What was the inspiration behind your artwork?
All of my work is based on sparking life-long fascination with our planet. Phase was a mineral specimen that entranced me, visible evidence of repeated starts-and-stops in growth, caused by changes in the level of water the void in which the crystal formed, each capturing a pause in the progression towards the final termination of the quartz crystal. Transition is a Persied meteor in its last fractions of a moment of existence, as it transitions to light and heat courtesy of the first friction it has encountered after billions of years of orbit. The illuminated path of an airplane’s travel hints at a simultaneous, although exaggerated, human time-scale.
What do you see as the similarity between science and art? Why is science-art important in today's society?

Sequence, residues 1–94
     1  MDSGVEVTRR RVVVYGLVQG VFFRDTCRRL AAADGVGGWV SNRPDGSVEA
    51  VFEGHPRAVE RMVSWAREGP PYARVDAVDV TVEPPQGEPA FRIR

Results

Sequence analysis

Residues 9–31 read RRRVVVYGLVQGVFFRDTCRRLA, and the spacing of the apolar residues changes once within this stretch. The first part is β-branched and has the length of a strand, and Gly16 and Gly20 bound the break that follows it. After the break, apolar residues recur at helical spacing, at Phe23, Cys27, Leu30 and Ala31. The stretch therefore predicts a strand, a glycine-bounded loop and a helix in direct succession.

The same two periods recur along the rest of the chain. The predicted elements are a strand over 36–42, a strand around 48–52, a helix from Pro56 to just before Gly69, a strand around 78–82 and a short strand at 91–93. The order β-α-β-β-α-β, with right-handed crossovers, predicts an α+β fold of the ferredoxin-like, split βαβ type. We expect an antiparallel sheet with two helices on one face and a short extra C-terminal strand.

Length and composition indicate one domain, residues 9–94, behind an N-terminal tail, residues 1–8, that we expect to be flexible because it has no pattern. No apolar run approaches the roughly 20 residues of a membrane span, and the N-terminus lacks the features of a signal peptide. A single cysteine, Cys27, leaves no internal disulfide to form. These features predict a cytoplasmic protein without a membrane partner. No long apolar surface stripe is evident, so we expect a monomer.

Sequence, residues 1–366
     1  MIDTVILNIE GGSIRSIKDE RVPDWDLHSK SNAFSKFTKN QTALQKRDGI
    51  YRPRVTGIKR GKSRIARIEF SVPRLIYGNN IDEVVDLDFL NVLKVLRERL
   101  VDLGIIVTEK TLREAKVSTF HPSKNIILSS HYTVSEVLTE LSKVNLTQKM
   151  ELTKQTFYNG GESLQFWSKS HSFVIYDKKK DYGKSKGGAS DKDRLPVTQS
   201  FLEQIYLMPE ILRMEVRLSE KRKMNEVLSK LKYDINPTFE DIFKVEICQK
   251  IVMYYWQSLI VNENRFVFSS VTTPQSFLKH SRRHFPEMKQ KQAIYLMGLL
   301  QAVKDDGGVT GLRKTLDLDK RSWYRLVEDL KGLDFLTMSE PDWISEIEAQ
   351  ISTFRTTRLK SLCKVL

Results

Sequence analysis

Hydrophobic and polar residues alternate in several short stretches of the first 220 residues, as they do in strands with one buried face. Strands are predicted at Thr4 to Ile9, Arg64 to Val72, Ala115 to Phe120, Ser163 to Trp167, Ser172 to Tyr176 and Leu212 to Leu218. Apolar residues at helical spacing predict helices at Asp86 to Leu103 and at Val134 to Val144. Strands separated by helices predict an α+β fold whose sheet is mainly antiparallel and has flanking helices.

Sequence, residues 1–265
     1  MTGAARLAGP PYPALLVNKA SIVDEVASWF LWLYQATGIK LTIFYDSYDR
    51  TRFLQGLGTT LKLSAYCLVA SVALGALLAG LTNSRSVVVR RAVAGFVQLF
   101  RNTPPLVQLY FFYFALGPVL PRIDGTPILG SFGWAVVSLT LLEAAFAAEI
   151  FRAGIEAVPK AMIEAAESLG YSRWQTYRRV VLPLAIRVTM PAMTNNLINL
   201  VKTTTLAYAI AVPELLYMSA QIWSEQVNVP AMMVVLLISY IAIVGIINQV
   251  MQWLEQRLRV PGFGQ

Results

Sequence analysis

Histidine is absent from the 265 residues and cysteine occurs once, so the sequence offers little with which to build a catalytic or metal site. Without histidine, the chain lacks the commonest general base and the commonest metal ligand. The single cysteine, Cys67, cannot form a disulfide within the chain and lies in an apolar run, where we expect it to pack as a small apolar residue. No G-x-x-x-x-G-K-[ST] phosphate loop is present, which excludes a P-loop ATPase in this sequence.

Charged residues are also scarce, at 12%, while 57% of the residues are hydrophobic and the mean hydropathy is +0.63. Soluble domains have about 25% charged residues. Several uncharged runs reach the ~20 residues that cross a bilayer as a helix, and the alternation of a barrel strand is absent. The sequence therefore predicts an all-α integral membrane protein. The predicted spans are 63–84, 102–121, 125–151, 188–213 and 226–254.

I see them as an inspiration to each other, art and science both frame the abstract with different formalities and intents. The desire to discover, capture, codify and formalize fascination via creative expression has been a human instinct since we left handprints on a cave wall in Lascaux; it has continued through people like Leonardo Da Vinci and Zora Neale Hurston who famously phrased, “Research is formalized curiosity. It is poking and prying with a purpose.”
Get to know the artist!
Jonathan Stone, Photographer of Minerals, Mostly